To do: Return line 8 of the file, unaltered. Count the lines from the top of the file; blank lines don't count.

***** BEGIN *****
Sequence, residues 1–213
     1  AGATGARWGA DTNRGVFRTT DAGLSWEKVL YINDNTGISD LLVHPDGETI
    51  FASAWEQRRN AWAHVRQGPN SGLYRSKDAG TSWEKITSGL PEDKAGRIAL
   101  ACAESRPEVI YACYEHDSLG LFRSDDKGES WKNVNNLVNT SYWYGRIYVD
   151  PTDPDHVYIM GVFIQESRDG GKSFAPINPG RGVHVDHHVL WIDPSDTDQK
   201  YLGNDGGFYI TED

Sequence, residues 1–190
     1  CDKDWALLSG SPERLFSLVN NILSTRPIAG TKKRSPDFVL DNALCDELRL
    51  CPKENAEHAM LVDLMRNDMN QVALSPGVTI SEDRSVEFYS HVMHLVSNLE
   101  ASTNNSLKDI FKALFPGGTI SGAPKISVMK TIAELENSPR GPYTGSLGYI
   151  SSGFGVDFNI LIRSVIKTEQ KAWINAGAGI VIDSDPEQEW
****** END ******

     1  CDKDWALLSG SPERLFSLVN NILSTRPIAG TKKRSPDFVL DNALCDELRL